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The Daily Telegraph -Laura Donnelly
11 September 2017 • 10:00 PM

Shoppers could have their blood pressure checked at supermarket tills under radical NHS plans aimed at preventing almost 25,000 heart attacks and strokes. Firefighters, teachers and office workers will also be trained to carry out tests, in a bid to identify thousands of people are risk of the major killers.

Under the NHS proposals, local planners will be encouraged to find “creative ways” to carry out checks on those in middle age – instead of relying on them to turn up at GPs’.

In some areas, fire fighters will be instructed to carry out blood pressure checks when they are carrying out home visits, fitting or testing smoke alarms. Teachers could also be asked to carry out tests during parents’ evenings or at the school gates.

And supermarkets will be asked to consider offering checks at the till – with updates printed on the back of till receipts, health officials said. Companies will be asked to install automated blood pressure machines, or to train a member of staff to take regular tests.

Health officials say people need to be “as familiar with their blood pressure numbers as they are with their credit card PIN”.

But GPs were sceptical, saying that too many “blanket checks” risked over diagnosis, heaping pressures on services. And patients’ groups said health checks should be performed by those with medical expertise.

The three year plan by NHS England and Public Health England (PHE) aims to prevent 14,500 strokes and almost 10,000 heart attacks.

Officials said 44 NHS “sustainability and transformation partnerships” which work with local authorities will be asked to find new ways to identify those who are suffering from “the invisible killer”.
In total, 5.5 million people in England have undiagnosed high blood pressure.

NHS England said that identifying cases earlier, encouraging lifestyle changes and medication to protect against heart disease, could save thousands of lives.

Prof Duncan Selbie, PHE chief executive, said health officials hoped to work with major retailers to bring the checks to the high street. “High blood pressure is the invisible killer. We want people to be as familiar with their blood pressure numbers as they are with their credit card PIN or their height.”

“We want to get people talking about their blood pressure – at supermarkets – Asda, Tesco, making it normal to have your number on your till receipts. You could do it [check] at the till, with technology it’s so easy,” he added.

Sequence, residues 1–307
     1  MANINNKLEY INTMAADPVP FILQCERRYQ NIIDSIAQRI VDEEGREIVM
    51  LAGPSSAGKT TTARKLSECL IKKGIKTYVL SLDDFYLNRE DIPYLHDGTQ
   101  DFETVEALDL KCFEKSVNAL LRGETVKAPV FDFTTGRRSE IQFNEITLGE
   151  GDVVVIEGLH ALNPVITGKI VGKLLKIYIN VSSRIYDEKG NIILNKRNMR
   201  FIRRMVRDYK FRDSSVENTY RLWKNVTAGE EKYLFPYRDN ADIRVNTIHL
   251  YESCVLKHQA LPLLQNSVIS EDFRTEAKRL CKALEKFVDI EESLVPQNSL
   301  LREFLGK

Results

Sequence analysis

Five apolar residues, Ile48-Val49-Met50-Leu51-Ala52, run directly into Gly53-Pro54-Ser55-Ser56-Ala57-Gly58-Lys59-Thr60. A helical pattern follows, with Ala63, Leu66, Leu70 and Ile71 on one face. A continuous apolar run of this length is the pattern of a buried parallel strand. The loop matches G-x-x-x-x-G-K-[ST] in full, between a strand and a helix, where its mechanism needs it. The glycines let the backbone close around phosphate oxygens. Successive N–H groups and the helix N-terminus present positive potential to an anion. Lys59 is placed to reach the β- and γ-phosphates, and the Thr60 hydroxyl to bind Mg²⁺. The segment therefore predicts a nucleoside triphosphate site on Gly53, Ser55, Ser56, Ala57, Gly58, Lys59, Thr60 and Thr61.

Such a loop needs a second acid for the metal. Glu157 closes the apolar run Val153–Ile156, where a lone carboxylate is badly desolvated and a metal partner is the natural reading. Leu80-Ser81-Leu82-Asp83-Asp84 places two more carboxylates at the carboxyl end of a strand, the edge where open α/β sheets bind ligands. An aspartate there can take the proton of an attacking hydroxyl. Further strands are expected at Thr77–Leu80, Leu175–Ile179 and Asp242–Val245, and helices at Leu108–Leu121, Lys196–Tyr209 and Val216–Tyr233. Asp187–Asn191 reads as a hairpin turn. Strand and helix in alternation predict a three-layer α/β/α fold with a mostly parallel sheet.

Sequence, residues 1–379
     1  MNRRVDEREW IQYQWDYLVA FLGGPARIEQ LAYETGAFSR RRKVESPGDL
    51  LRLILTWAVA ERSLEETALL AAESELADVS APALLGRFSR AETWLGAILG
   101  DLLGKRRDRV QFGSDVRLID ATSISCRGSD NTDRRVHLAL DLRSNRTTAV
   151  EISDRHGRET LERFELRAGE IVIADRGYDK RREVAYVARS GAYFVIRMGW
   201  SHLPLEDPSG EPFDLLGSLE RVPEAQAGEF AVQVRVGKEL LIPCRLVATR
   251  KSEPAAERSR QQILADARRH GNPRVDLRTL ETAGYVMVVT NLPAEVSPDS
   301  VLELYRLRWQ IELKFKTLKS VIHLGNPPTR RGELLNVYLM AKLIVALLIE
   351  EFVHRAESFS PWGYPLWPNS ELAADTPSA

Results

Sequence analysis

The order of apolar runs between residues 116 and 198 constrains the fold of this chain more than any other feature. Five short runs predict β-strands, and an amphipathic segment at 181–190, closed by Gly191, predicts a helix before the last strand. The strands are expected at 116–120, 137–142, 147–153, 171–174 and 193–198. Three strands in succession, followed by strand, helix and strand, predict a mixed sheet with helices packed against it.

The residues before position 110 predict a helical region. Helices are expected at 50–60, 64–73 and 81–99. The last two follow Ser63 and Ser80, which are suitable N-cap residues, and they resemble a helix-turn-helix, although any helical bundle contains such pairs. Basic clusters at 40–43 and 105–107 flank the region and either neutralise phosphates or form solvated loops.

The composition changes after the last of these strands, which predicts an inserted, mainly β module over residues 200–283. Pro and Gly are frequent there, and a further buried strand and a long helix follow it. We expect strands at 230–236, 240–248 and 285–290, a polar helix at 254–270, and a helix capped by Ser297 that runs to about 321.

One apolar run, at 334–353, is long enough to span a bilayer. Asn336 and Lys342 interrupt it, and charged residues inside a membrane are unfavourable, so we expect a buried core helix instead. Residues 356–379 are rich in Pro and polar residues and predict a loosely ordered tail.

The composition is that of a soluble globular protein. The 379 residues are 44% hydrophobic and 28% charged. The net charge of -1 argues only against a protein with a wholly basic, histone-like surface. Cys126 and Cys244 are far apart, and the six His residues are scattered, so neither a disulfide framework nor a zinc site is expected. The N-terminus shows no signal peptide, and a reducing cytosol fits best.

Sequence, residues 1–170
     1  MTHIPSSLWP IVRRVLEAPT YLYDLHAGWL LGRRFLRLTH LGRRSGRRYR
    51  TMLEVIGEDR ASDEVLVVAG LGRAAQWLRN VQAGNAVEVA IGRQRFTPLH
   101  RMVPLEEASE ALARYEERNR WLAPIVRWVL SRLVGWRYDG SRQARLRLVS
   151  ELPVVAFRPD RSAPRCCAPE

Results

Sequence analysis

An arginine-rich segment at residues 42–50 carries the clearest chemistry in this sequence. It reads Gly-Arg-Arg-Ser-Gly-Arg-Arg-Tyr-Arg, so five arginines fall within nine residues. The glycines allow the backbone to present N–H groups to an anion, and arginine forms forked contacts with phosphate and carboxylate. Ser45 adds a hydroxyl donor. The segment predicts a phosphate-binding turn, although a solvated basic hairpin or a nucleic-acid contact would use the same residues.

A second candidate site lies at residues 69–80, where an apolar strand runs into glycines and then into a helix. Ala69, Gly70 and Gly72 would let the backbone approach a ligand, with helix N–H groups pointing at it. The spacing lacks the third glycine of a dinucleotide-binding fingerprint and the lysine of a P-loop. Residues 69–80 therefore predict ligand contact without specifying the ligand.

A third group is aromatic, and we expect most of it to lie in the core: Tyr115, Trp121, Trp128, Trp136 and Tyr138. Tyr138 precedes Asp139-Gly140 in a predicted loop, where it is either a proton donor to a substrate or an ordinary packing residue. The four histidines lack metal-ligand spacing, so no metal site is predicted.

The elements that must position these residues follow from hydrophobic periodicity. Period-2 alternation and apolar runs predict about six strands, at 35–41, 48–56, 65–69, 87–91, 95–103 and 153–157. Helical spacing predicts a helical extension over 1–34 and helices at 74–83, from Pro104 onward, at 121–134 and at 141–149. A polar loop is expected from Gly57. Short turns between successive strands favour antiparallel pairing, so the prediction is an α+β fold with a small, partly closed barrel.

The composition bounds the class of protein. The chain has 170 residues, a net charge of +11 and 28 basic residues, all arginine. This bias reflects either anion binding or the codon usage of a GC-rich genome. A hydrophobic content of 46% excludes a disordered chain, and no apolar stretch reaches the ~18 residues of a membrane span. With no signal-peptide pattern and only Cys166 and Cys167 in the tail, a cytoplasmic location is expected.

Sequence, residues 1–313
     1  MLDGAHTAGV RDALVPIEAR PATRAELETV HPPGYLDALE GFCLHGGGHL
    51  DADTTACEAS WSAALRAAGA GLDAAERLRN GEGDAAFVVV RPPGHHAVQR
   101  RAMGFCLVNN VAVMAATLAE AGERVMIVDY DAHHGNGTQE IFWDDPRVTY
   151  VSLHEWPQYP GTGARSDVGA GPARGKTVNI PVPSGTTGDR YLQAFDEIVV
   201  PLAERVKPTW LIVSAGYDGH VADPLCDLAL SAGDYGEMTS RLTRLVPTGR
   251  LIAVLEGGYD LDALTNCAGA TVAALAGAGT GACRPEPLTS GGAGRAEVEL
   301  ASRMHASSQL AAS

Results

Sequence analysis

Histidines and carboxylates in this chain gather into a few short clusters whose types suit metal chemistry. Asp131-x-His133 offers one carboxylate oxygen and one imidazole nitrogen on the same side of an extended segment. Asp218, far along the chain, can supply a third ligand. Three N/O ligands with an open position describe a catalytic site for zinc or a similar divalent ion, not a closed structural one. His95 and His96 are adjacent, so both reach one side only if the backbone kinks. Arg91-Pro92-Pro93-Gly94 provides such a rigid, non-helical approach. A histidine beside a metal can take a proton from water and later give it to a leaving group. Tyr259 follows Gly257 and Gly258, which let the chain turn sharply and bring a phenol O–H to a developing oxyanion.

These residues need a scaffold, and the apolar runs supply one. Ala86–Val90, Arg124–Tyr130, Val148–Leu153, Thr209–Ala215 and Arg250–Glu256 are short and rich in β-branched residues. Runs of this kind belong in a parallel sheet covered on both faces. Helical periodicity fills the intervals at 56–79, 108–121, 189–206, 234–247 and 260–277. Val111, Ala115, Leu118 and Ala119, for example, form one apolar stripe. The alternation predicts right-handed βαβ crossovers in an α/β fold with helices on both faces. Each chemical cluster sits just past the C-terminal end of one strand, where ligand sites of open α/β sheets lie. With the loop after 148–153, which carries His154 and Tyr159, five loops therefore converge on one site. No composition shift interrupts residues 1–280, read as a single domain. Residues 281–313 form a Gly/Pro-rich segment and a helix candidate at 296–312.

Workplaces would also be encouraged to introduce checks, he said, given that healthier workers were more productive. “Sixty per cent of your waking hours are spent in the workplace, it’s a fantastic place to do this stuff,” he said. Patients’ groups were sceptical, particularly about the idea of asking other professions to take on clinical tasks.

Joyce Robins, from Patient Concern, said: “Firefighters should stick to fighting fires and leave the routine medical checks to doctors and nurses. People won’t want firemen quizzing them on their health and taking their blood pressure while extinguishing a fire or testing their smoke alarm.”
And the Royal College of GPs said “blanket health checks” could divert resources from those in most need, and lead to over-diagnosis.

Nansi Ellis, assistant general secretary, National Education Union, said: “While this is an important issue, teachers couldn’t possibly carry out health checks at parents evenings or school gates.
“Whoever came up with this suggestion clearly has no idea of the current pressure teachers and school staff are placed under. They are trained to teach children and young people – not substitute for healthcare professionals.”

Everyone aged between 40 and 74 is supposed to be offered an NHS Health Check, every five years. But just half of patients take up the offer, health officials said.

Sir Bruce Keough will say that closer working between the NHS, local authorities, workplaces and schools is crucial to cut deaths from heart attacks and strokes – who between them are responsible for quarter of premature deaths. “Cardiovascular disease kills more people in this country than anything else,” the former heart surgeon will say. “We know how to treat the resulting heart attacks and stroke, but everyone knows that prevention is better than cure.

“Prevention of these devastating consequences is everybody’s business from our schools, to the food and tobacco industries, to local authorities and the NHS.” Simon Gillespie, chief executive at the British Heart Foundation (BHF), said: “Early detection and management of medical risk factors such as high blood pressure, atrial fibrillation and high cholesterol will ensure patients get the right treatments in sufficient time to prevent heart attacks and strokes.

“The BHF has funded several care programmes which found that joined up local services are cost effective and benefit patients. “It is good news that the NHS recognises this and wants a more integrated approach for patient care.

“This will help to reduce the current variations in care across the country, ultimately preventing heart attacks & strokes, and improving patient outcomes.”

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